White matter hyperintensity detected by magnetic resonance imaging and lithium response in bipolar disorder: A preliminary observation


Correspondence address: TadafumiKatoMD Department of Neuropsychiatry, Faculty of Medicine, University of Tokyo, Hongo 7-3-1, Bunkyo, Tokyo, 113-8655, Japan. Email: tadafumi-tky@umin.ac.jp


The possible relationship between deep white matter hyperintensity (WMHI) lesions detected by magnetic resonance imaging and response to lithium was examined in 16 patients with bipolar disorder who had been under maintenance treatment with lithium for more than 1 year. Bipolar patients who had higher scores of WMHI responded significantly better to lithium (r = 0.57, P < 0.05) than did those who had lower scores. This preliminary result suggests that the presence of WMHI may be associated with a better response to lithium.


Bipolar disorder is a socially disabling mental disorder that affects approximately 1% of the population. Although there are now several available mood stabilizers, 1 lithium is still the drug of first choice for maintenance treatment for bipolar disorder. 2 However, lithium is not effective for all bipolar patients. Lithium can completely prevent recurrence in only 50% of patients with bipolar disorder, while other patients are completely resistant to lithium treatment or show only a partial response. 3 Although it takes many months, or even several years, to determine whether a patient is a responder or not, there are as yet no established laboratory tests or biological markers that can predict lithium response. 3

It has been reported that patients with bipolar disorder more frequently have subcortical hyperintensity (SCH) lesions in the brain detected by T2-weighted magnetic resonance imaging (MRI) than do age-matched healthy volunteers. 4,5 Subcortical hyperintensity in patients with bipolar disorder is not related to cardiac risk factors 6,7 but to positive family history, which suggests it may not be attributable to merely ischemic lesions. 8 Although its histopathological basis has never been reported, our recent study using phosphorus-31 magnetic resonance spectroscopy suggested that SCH in subjects with bipolar disorder might have a different biochemical basis to that in healthy aged subjects. 9 While SCH is related to poor treatment response in major depression, 10 the clinical significance of SCH in bipolar disorder is not yet well known. 11 To the best of our knowledge, there is no controlled study in which the efficacy of lithium was compared between bipolar patients with and without organic factors. 11

Subcortical hyperintensity includes periventricular hyperintensity (PVH), subcortical gray matter hyperintensity (SGH) and deep white matter hyperintensity (WMHI). 4 The pathogenetic role of each of the SCH in bipolar disorder has not as yet been clarified.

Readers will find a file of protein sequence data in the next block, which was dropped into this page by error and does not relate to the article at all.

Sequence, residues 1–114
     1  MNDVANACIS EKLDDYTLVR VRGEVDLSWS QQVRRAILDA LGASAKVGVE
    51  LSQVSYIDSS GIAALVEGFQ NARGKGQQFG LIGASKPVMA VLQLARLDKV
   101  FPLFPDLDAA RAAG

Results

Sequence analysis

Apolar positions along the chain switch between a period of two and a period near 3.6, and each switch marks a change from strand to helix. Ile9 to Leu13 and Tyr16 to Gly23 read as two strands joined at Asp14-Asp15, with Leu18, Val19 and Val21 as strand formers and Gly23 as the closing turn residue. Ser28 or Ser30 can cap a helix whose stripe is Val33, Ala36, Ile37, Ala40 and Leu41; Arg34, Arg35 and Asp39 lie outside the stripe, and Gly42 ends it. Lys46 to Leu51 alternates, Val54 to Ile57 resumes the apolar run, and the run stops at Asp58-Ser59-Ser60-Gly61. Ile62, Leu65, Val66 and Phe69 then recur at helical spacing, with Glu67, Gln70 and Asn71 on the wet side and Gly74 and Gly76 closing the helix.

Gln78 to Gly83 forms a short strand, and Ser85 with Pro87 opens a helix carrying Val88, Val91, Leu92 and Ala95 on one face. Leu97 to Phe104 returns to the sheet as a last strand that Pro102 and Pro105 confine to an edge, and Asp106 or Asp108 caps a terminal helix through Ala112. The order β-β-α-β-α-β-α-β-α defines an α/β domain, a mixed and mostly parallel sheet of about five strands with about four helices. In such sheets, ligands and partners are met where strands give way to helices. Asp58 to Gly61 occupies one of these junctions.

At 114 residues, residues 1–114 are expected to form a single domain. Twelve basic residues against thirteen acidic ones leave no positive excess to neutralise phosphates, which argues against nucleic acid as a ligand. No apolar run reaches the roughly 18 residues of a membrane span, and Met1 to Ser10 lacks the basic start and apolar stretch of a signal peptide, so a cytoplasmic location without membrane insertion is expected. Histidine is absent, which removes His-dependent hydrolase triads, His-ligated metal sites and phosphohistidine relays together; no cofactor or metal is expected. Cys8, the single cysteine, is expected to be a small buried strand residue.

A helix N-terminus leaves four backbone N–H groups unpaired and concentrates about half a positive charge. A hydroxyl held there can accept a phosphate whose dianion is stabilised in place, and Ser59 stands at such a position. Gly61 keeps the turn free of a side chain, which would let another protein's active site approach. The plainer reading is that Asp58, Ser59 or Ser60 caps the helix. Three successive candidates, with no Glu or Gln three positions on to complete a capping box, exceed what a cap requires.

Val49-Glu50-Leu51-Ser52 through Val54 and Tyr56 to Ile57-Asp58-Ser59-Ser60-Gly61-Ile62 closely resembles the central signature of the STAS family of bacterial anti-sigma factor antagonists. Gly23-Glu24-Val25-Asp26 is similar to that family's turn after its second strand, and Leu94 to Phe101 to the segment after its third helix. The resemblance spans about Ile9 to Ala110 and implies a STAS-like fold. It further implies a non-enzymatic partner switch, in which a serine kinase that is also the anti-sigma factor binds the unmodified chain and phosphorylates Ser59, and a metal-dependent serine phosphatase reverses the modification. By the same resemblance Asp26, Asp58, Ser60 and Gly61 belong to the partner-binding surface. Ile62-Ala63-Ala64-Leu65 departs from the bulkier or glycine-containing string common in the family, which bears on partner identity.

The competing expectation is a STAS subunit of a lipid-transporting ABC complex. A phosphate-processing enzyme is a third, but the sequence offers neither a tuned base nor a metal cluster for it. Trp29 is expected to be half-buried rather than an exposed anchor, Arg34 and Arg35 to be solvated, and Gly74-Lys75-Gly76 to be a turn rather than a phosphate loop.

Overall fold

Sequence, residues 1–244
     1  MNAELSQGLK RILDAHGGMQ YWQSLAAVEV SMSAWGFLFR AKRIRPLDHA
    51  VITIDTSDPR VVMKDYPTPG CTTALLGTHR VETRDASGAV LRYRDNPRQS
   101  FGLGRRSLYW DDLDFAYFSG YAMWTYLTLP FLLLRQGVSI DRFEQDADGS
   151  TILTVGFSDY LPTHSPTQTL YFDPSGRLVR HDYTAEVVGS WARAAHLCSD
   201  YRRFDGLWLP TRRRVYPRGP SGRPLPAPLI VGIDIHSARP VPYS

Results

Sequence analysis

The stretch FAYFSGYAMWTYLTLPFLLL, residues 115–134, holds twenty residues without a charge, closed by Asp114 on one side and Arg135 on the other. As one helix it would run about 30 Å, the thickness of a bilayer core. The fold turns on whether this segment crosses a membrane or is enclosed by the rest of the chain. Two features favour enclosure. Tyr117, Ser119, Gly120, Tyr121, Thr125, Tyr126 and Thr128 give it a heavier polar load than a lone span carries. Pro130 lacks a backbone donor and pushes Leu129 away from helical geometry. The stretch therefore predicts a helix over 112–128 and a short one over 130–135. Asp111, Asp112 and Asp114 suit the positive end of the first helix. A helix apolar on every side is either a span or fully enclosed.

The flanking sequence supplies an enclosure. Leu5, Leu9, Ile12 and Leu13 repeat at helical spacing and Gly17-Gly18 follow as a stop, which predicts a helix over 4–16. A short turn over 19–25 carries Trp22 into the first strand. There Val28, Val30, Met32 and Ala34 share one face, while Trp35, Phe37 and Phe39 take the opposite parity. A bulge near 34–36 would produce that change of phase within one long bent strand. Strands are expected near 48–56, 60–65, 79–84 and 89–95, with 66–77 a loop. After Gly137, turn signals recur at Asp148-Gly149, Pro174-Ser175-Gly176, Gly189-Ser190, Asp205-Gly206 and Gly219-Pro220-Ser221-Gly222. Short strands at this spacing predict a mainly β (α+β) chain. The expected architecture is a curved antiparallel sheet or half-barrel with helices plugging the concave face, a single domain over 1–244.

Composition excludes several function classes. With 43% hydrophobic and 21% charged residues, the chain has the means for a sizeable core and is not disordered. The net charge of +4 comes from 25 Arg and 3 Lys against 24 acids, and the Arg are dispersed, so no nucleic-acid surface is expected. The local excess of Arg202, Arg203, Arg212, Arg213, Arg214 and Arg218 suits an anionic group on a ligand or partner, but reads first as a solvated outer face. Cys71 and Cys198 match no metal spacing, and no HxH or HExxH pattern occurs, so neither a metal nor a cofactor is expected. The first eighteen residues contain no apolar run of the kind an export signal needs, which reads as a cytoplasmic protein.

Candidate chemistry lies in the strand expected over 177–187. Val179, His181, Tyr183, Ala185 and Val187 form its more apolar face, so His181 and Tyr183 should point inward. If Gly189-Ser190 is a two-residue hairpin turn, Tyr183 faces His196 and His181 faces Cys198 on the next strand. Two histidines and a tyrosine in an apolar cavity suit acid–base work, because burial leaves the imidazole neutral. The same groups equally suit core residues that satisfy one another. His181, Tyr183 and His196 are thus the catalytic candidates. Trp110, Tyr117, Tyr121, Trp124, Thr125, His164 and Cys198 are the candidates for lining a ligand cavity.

The goal of this preliminary study was to examine whether SCH is associated with response to maintenance treatment with lithium.


The subjects comprised 16 patients with bipolar disorder (12 females and four males) who had been under maintenance treatment with lithium at the Shiga University of Medical Science Hospital and Clinic for more than 1 year. Their serum lithium concentrations were maintained at 0.3–1.0 mmol/L. Their ages were 47.1 ± 15.1 (mean ± SD) years and their DSM-IV diagnoses were bipolar I disorder (n = 10) or bipolar II disorder (n = 6).


Assessment of response to maintenance lithium treatment

During hospitalization the patients had been evaluated using either the Hamilton Rating Scale for Depression or the Petterson Rating Scale for Mania. Although such instruments had not been used in the out-patient clinic, the mood state and compliance of the patients had been clinically evaluated by senior psychiatrists every 2 weeks. Response to maintenance lithium treatment was assessed by reviewing these chart records at the hospital and out-patient clinic. The patients were classified into three groups with regard to lithium response. Complete non-responders (Class 0, n = 7) continuously relapsed after initiation of lithium treatment despite their good compliance. Partial responders (Class 1, n = 6) had relapses requiring additional treatment while their compliance was good; however, the severity or frequency of episodes was decreased compared to before lithium treatment. Complete responders (Class 2, n = 3) had no relapses that required additional treatment while their compliance was good. These clinical evaluations were performed blindly to MRI data. The observation period was 4.3 ± 2.5 years. There was no significant difference of observation period among these three groups (3.9 ± 2.5, 5.6 ± 2.2 and 2.4 ± 0.8 years, respectively) (F = 2.2, P = 0.14 using one-way analysis of variance).